SSL, or Secure Sockets Layer packages are small but powerful data packets which digitally bind a key to a particular business or organisation’s details. Once applied to your server, SSL certificates act as a cryptographic lock on the browser and https protocol, allowing secure connections between your server and the customer’s browser. SSL certificates bind the domain and server names with a host organisation or entity, and the location of that entity. In this manner, SSL certificates are stamps of reliability and safety for customers looking to process sensitive transactions.
Why SSL Matters
Last year around half of UK businesses were subject to cyber-attacks, and with recent ransomware attacks on renowned institutions like the National Health Service, customers are more concerned than ever with their online safety. Using SSL certification ensures that only the intended recipient of any data can understand it; important in a World Wide Web and dark net 2023 where data must pass through multiple computers and IP locations in order to reach the destination server. On an unencrypted signal any computer which your data passes through can access the information, meaning your customer’s information is only ever as secure as the weakest link in that chain. With SSL certificates this doesn’t matter, because even if malicious users access the data, they’re unable to read it.
Features of SSL
In addition to encryption protocols, SSL provides authentication of transfer; this means you and your users can be certain that you’re sending your information to the correct server, rather than an impostor. The most trustworthy SSL providers will only allow verified, reliable, companies to purchase certificates after going through a number of identity checks. There are various kinds of SSL certificates and more advanced ones like EV SSL require more thorough authentication.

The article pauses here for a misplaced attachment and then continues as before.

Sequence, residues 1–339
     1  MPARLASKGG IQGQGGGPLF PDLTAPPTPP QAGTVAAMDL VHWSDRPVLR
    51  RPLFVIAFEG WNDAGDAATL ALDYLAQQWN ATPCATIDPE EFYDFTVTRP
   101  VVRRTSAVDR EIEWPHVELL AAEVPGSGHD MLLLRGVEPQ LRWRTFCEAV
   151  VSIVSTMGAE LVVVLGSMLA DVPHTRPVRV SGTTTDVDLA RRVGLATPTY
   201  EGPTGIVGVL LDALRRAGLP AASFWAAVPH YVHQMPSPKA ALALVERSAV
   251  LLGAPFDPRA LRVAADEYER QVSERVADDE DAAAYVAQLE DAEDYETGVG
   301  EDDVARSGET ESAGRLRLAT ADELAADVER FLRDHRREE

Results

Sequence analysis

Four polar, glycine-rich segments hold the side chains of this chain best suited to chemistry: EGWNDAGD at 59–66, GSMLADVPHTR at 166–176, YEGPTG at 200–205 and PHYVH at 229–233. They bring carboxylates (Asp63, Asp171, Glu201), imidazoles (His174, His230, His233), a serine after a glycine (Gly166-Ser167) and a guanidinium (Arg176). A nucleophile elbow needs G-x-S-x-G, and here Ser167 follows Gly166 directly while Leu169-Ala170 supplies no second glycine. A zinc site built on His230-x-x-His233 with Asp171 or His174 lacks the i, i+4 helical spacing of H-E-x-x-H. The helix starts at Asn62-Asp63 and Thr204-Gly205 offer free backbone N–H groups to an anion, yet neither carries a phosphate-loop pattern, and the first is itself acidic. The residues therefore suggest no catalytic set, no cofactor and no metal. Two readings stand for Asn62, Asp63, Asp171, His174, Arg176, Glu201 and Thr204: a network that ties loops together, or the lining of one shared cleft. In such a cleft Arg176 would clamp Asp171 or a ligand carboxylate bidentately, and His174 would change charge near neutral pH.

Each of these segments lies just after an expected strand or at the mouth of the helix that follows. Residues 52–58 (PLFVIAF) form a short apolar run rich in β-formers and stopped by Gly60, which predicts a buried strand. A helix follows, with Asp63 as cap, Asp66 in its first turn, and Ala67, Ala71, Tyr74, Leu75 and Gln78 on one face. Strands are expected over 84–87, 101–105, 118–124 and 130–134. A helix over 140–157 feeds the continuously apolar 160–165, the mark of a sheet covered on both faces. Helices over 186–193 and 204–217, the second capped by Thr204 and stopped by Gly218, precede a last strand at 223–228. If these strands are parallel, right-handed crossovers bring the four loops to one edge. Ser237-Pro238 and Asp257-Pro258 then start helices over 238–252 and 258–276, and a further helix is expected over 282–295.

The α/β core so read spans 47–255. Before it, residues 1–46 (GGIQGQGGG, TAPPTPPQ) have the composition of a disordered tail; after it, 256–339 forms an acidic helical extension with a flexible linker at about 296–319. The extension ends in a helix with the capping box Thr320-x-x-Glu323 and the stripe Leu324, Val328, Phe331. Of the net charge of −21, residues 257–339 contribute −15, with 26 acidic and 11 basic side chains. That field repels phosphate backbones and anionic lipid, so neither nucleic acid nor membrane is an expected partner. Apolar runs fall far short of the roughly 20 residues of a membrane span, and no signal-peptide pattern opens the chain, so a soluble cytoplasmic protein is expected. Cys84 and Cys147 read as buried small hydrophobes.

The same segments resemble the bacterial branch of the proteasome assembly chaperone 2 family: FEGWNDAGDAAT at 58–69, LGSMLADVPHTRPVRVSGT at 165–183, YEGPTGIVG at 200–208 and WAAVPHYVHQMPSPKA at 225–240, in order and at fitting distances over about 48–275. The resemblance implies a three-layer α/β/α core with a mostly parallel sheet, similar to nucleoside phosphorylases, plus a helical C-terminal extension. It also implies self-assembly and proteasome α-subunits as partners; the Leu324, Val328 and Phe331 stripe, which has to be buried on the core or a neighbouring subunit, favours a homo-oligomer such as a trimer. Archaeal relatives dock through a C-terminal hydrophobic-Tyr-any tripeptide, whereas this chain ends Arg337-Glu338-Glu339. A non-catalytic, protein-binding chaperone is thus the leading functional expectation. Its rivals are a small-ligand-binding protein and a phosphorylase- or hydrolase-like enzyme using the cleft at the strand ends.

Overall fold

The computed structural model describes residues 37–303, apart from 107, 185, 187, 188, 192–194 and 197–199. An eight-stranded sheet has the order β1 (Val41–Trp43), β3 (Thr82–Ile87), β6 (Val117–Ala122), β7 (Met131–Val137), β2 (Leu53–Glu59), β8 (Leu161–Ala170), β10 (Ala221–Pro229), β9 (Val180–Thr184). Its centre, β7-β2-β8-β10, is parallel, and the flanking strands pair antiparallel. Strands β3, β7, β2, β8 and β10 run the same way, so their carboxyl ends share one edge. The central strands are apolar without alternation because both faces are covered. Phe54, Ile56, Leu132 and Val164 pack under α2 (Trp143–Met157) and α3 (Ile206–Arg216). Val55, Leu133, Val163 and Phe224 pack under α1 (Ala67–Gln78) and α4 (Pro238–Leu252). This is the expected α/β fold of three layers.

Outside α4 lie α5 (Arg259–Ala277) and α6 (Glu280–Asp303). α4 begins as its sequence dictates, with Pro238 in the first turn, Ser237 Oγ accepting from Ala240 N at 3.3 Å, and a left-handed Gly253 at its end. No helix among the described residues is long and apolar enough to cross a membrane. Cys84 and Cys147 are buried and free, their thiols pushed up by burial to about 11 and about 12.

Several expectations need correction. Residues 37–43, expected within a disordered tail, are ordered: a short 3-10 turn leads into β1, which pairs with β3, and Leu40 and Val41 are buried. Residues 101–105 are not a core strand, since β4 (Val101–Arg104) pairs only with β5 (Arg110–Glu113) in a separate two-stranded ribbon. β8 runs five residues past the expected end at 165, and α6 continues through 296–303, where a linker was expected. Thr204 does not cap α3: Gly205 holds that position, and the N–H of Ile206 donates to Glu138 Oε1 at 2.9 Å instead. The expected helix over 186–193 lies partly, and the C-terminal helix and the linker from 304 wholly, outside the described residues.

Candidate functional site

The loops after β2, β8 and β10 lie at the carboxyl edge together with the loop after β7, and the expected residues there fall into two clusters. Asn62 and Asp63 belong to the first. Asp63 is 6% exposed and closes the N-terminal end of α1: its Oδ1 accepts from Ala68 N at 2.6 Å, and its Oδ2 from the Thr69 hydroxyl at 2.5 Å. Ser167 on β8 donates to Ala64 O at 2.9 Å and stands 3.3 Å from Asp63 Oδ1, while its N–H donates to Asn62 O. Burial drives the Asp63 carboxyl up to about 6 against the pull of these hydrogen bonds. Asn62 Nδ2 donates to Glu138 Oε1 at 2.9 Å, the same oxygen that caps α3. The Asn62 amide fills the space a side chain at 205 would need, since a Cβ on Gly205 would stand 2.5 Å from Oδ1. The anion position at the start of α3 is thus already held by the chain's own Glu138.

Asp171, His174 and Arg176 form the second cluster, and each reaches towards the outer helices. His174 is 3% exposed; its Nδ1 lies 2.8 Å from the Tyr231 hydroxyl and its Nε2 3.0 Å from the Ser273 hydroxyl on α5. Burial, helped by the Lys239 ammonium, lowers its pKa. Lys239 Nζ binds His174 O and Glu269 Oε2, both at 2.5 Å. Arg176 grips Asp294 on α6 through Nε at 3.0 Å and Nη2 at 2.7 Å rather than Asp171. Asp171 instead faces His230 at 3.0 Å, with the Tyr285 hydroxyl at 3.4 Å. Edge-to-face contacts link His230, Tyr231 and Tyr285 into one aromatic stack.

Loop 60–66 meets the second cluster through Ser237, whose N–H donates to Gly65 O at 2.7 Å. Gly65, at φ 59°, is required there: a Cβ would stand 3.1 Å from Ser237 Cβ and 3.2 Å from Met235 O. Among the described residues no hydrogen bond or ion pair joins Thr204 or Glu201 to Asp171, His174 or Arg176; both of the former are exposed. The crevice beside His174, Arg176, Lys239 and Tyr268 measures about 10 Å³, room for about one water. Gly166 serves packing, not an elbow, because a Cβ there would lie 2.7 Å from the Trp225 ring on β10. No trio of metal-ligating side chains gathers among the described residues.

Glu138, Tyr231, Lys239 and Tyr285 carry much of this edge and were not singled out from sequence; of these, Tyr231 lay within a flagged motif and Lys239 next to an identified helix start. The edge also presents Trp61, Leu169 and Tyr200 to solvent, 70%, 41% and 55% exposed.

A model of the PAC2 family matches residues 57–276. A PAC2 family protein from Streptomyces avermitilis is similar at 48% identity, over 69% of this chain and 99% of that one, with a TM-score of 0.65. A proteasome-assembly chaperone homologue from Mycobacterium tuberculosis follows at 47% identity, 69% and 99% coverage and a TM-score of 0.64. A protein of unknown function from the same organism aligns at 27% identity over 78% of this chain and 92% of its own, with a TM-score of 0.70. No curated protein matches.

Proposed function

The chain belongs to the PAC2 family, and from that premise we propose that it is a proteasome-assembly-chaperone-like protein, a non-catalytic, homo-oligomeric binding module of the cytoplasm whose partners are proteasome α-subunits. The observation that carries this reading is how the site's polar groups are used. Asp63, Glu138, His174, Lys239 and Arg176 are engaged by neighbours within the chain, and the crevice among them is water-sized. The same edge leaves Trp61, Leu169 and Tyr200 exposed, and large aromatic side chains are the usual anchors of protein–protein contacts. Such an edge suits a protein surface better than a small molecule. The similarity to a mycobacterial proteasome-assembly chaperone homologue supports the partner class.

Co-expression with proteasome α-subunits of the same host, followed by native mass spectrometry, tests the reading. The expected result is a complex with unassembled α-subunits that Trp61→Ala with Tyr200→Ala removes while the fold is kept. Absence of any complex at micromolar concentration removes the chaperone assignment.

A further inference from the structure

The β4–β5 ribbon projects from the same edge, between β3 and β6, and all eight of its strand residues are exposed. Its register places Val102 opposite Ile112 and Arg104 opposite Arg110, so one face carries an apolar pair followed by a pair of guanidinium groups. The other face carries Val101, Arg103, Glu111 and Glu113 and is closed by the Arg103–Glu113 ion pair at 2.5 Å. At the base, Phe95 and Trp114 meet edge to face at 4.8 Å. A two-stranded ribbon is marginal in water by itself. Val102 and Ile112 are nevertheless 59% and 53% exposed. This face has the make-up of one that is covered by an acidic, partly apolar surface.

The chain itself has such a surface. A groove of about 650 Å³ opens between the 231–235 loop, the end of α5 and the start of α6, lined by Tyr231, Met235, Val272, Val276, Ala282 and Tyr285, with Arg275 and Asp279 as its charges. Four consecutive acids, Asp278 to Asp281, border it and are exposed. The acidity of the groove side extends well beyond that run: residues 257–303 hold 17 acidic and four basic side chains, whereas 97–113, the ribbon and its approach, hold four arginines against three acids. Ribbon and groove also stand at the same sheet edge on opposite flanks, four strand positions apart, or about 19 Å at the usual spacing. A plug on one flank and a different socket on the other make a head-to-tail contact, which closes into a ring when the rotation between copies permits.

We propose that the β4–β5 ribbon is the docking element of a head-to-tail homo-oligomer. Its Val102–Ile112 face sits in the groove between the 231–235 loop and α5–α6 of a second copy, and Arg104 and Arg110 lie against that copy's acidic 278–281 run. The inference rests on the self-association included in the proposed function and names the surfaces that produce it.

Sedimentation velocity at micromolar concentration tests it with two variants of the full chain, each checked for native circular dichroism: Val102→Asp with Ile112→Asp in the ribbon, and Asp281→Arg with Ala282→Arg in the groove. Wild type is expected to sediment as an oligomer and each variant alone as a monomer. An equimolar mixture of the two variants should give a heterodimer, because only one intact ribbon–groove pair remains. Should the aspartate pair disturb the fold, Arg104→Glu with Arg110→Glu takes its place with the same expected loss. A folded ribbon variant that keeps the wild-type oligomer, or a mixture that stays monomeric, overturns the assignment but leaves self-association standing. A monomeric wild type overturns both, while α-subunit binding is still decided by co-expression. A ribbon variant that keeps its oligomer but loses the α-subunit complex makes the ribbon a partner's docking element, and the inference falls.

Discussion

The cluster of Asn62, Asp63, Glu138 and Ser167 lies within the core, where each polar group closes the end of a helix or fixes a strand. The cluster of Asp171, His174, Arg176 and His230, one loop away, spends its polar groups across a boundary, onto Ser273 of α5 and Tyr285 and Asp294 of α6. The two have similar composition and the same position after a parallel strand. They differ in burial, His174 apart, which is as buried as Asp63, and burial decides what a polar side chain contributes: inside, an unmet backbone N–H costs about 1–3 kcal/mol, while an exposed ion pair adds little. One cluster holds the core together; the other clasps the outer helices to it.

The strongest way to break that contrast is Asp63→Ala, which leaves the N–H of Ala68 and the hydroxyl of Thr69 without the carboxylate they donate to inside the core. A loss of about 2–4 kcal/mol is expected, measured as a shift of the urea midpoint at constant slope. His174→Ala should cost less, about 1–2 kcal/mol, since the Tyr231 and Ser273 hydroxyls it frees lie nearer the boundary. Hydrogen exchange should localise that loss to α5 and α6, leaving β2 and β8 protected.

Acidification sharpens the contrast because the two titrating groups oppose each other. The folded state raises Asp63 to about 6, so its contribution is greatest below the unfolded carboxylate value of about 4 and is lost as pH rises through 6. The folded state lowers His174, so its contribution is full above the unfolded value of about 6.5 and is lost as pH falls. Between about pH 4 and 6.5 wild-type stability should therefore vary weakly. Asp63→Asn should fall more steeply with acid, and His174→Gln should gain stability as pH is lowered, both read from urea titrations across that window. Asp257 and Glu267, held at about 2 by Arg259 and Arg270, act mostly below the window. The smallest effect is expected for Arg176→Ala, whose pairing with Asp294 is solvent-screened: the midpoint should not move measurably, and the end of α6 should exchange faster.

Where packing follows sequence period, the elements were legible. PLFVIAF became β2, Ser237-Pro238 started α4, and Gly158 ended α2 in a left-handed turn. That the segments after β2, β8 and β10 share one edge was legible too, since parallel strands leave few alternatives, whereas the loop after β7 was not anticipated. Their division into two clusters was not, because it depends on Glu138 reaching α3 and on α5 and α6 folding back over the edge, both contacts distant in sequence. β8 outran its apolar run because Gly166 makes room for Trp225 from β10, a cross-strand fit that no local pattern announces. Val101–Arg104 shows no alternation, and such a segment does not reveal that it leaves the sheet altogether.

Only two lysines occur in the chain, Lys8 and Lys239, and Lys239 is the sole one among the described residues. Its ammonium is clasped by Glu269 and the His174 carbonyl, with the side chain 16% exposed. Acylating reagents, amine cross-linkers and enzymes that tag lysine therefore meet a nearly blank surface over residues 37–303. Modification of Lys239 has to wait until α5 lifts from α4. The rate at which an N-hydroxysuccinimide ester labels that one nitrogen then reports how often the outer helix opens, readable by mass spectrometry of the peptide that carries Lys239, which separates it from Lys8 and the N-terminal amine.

Recent studies have shown that UK businesses have lost up to £42 billion pounds due to insufficient cyber security, with the average FTSE 100 firm losing an average of £120 million after a single breach. Figures like these mean consumers are looking for safety; most of the commonly-used web browsers will provide visual cues to show that a website is SSL certified and thus secure, highlighting the URL in green and showing a ‘trusted’ seal.
If you’re operating a business with online transactions, then getting SSL certificates for your servers is necessary part of ensuring you’re fully compliant with Payment Card Industry (PCI) standards.
How to Get SSL Certificates
There is a cost involved with obtaining SSL certificates in the UK, as SSL providers have to set up the infrastructure and validation protocols to ensure that you’re a reliable business. SSL certification is a growing industry however and competition is helping to drive prices down. You’ll also see added stress on your servers as they perform encryption protocols, though you won’t see a noticeable difference in user-side performance unless your web-page is incredibly popular. If this is the case, there are options available to help optimise server performance at a relatively low cost.
In today’s security-conscious world, it’s important to stand out as a trustworthy, reliable business. SSL certification is not only a front-line defence against data intrusion, it also helps to give your customers peace of mind.